A research suggests that by 2050 there could be more plastic than fish in the oceans by weight. What this would mean is that more than half of the fish species would be extinct and humans would be consuming plastics in huge proportion eating fish. Death of fish species would increase the massive imbalance in the Marine ecosystem, also fishermen would catch more plastics than fish. Economically as well, the pollution found in shorelines and oceans of island destinations around the world dissuades tourists from visiting such places causing the tourism industry in these place to continue on a decline leading to massive economical blow.

More recently, in some areas there have been significant efforts to reduce the prominence of plastic pollution, through reducing plastic consumption and promoting plastic recycling; but more work has to be done - in awareness and actions from the big players in the plastic industry like soda/fast food manufacturers to begin looking at more sustainable packaging alternatives. The best move would be totally avoiding single use plastics - and opting to use more sustainable alternatives. The second best would be disposing and managing our wastes properly. NO to littering the streets, gutters, canals, oceans and YES to recyling and the really BIG YES to avoiding single use plastics!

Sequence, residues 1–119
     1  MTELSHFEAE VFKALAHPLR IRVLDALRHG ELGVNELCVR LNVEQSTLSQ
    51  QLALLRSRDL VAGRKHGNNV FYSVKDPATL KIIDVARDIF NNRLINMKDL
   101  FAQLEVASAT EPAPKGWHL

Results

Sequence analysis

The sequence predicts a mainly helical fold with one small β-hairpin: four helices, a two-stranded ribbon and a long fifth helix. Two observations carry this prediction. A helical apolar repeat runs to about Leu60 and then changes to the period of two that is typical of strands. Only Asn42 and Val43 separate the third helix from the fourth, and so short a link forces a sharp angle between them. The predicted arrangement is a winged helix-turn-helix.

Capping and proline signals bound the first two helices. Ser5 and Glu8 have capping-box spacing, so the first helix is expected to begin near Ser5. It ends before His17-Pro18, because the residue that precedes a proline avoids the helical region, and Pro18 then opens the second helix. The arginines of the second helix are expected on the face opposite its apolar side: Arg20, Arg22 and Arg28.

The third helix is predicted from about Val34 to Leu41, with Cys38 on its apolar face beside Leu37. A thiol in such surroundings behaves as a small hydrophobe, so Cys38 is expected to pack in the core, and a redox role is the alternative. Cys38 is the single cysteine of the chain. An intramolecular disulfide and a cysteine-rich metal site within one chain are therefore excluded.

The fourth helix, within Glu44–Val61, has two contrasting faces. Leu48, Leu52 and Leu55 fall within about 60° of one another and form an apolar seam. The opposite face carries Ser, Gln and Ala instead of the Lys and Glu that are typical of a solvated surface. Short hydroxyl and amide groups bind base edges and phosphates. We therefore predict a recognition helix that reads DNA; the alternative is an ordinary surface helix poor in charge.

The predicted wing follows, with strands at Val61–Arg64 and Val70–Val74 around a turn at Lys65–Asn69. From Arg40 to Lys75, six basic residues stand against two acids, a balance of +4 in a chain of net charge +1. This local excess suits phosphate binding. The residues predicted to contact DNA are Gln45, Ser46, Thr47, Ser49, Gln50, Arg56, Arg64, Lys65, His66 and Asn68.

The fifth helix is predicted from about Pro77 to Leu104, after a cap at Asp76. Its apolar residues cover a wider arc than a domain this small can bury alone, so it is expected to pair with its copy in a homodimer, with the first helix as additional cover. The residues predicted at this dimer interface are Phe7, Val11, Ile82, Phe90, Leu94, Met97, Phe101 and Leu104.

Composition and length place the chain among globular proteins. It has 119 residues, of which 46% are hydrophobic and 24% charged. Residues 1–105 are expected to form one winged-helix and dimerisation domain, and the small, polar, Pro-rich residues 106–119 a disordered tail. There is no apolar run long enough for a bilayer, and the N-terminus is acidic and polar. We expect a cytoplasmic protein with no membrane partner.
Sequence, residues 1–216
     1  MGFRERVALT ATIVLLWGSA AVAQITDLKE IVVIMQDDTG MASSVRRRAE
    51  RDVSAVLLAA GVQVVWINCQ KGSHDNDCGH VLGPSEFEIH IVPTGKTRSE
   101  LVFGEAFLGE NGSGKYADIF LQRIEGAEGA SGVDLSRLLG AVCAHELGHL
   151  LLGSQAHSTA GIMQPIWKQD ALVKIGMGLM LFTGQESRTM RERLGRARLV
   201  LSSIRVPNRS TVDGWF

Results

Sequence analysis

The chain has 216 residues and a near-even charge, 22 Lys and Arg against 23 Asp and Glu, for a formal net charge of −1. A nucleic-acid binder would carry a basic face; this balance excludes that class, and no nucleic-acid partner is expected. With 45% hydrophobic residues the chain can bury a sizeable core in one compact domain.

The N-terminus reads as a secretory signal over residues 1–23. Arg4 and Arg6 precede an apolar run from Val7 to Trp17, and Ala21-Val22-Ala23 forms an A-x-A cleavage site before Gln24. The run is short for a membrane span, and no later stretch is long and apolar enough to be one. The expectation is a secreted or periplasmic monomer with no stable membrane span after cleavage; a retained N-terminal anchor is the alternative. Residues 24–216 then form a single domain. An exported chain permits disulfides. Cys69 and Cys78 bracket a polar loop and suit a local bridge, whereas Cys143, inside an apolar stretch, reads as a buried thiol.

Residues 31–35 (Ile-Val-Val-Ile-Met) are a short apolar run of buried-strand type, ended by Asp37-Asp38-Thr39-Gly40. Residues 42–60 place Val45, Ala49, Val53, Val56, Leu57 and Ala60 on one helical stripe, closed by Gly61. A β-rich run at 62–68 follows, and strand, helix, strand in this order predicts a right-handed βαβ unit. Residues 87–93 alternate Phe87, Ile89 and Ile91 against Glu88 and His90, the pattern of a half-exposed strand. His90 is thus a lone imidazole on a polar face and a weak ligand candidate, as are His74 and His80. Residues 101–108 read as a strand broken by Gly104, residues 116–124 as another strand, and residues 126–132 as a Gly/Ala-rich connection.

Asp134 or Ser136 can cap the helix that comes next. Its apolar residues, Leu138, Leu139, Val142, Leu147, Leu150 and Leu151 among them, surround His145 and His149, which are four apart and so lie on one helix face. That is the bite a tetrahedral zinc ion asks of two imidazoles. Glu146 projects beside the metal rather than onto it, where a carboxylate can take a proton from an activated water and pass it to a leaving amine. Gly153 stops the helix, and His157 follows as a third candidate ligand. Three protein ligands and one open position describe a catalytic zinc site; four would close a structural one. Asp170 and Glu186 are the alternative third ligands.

Used plastic spoons. Lagos Nigeria. Single use plastic consist of more than 50% plastic waste generated in the world today. 29th October 2018.
Used plastic spoons. Lagos Nigeria. Single use plastic consist of more than 50% plastic waste generated in the world today. 29th October 2018.
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Used plastic bottle halfway buried into the sand in Lagos Nigeria. Degradation of plastic bottles can take up to 450years. 29th October 2018.
Used plastic bottle halfway buried into the sand in Lagos Nigeria. Degradation of plastic bottles can take up to 450years. 29th October 2018.
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Elegushi Beach front in Lekki, Lagos Nigeria littered with Plastic waste. 29th October 2018.
Elegushi Beach front in Lekki, Lagos Nigeria littered with Plastic waste. 29th October 2018.
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Gutter littered with used plastic bottles in Lekki Lagos Nigeria. The waste moves from gutters to canals and end up in the oceans. 29th October 2018.